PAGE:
How do I remove multiple entries in the reverse DNS table?

Posted on 2007-08-01
Last Modified: 2013-12-05
I need some help with the reverse lookup zone table on my Windows 2000 server. I have multiple names for most of the IP addreses and this is obviously wrong. I beleive a new entry is created if the client has obtained an alternative IP DHCP address, or maybe when the client PC has been rejoined to the domain (But they are only guesses) The entries are similar to the following:-      Pointer      zurich.mydomain.local.      Pointer      bilge.      Pointer      thecon.mydomain.local.      Pointer      sphere.      Pointer      centurian.mydomain.local.      Pointer      kingston.      Pointer      amidala.mydomain.local.      Pointer      amidala.      Pointer      kingston.mydomain.local.      Pointer      overtone.      Pointer      bismarck.mydomain.local.      Pointer      calcium.      Pointer      fred.mydomain.local.      Pointer      maul.      Pointer      norton.

I have no real problems on the network at the moment, but I have had some issues with group policy failing at login from time to time on several pc's.

Does anyone know the answers to the following:
1. What could cause the multiple entries to be created
2. When does the reverse table get used?
3. Can I recreate the table on the fly to correct the problems
4. What effect could I see if I didn;t rectify the problems
5. Why do some of the entries in the table have the extension as opposed to just the name?

Many thanks

Andy Coggin
Question by:ACoggin
    LVL 23

    Expert Comment

    When you rename a machine it will create multiple entries in your DNS table in windows 2000 domain. I have w2k DC myself and it seems to be a common problem with w2k server - looks like it fails to remove old records when they expired.

    The Reverse Lookup zone is used to resolve IP -> Name request. Just like the Forward Look Zone but in the opposite way.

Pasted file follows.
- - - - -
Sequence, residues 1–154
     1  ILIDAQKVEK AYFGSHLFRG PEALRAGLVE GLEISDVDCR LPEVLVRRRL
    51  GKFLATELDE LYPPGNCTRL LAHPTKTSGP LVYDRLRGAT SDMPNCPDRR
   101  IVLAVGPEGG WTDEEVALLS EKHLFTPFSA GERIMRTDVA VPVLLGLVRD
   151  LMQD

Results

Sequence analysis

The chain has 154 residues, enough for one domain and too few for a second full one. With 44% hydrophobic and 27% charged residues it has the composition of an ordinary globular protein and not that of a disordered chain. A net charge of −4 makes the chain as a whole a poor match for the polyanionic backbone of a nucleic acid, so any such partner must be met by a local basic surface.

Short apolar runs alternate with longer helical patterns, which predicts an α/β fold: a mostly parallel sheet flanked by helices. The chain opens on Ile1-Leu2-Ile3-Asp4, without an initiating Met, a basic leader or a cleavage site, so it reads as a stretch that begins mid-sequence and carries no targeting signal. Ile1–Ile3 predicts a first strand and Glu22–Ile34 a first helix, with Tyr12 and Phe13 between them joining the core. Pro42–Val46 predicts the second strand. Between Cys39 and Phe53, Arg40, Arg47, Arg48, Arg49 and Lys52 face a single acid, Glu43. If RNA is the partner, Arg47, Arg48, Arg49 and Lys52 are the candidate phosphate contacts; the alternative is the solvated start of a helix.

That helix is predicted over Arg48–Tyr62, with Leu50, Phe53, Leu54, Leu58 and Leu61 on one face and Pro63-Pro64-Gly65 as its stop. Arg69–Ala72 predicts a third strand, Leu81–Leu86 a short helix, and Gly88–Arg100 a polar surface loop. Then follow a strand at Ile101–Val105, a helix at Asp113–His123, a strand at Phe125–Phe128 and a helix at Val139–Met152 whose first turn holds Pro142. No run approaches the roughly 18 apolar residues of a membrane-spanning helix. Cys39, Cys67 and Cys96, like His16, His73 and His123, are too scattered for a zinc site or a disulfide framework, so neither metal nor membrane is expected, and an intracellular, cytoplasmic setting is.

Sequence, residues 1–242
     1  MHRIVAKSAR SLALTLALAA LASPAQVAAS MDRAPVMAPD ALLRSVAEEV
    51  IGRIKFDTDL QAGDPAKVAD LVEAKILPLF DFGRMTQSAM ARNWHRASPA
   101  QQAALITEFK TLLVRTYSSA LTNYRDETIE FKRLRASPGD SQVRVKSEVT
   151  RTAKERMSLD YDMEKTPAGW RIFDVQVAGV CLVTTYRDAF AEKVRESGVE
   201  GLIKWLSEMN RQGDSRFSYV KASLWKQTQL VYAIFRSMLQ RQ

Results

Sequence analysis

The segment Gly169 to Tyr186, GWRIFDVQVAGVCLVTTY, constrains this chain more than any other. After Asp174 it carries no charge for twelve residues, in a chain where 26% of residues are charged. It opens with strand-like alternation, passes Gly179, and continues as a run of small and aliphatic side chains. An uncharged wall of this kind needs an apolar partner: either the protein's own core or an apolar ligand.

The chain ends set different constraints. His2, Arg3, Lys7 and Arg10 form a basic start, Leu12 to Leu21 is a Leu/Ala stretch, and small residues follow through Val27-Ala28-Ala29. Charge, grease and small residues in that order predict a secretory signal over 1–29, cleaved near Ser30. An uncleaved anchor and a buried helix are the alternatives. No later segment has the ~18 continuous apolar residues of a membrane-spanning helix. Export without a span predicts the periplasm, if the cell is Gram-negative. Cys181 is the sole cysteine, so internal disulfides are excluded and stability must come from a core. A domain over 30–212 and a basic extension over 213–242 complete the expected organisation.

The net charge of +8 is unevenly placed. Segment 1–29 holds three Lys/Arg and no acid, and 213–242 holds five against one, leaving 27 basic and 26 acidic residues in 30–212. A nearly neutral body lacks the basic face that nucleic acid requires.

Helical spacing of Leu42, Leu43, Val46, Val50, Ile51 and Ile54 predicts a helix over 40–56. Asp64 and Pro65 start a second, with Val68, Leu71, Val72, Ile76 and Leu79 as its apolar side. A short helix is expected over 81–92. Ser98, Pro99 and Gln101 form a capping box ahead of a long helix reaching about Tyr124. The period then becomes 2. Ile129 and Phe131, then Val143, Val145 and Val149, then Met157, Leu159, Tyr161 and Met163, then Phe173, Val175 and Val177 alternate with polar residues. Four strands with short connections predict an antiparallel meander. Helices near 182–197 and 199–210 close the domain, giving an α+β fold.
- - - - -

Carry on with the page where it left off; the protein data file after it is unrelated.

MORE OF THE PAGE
I think you can recreate a new Reverse Look Zone. Of course it will bring interruption to your business but it shouldn't take long to recreate one. If you don't have a long list it might be better to manually removing the old records, providing you know which one is active and which one is inactive.

    You get entries without the proper domain name especially when someone plugs a "private" laptop in the network. If you bring your home laptop in (which is NOT on the domain) it still registers itself to the DNS database with its name.

    Effect - you might experience with lost network packets sometimes but not always.
    LVL 8

    Expert Comment

    Goto the properties of the DHCP server in the DNS tab what settings have you enabled

    Author Comment

    Found this on Technet, looks like I might have either a config problem in DHCP or a bug. The DNS pointer records should look after themselves. I'd still like to know when they are used, apart from when I perform an nslookup! Do you know if they are used in the day to day communication of the client / server, or the logon process?

    " Computers use the DHCP Client service to dynamically register and update their PTR resource record in DNS when an IP configuration change occurs.
    " All other DHCP-enabled client computers can have their PTR resource records registered and updated by the DHCP server if they obtain their IP lease from a qualified server. The Windows 2000 and Windows Server 2003 DHCP Server service provides this capability.
    gary - which setting do you think I should check, Admin Tools \ DHCP or Admin Tools DNS?


    LVL 8

    Expert Comment

    Goto the DHCP MMC and right click on the server goto properties and then the DNS post back what options are enabled
    LVL 70

    Accepted Solution

    Looks like you need to enable aging and scavenging to automatically delete stale records - see

    Author Comment

    Thanks for all your help with this issue - enabling scavenging as per the above article resolved the problem.

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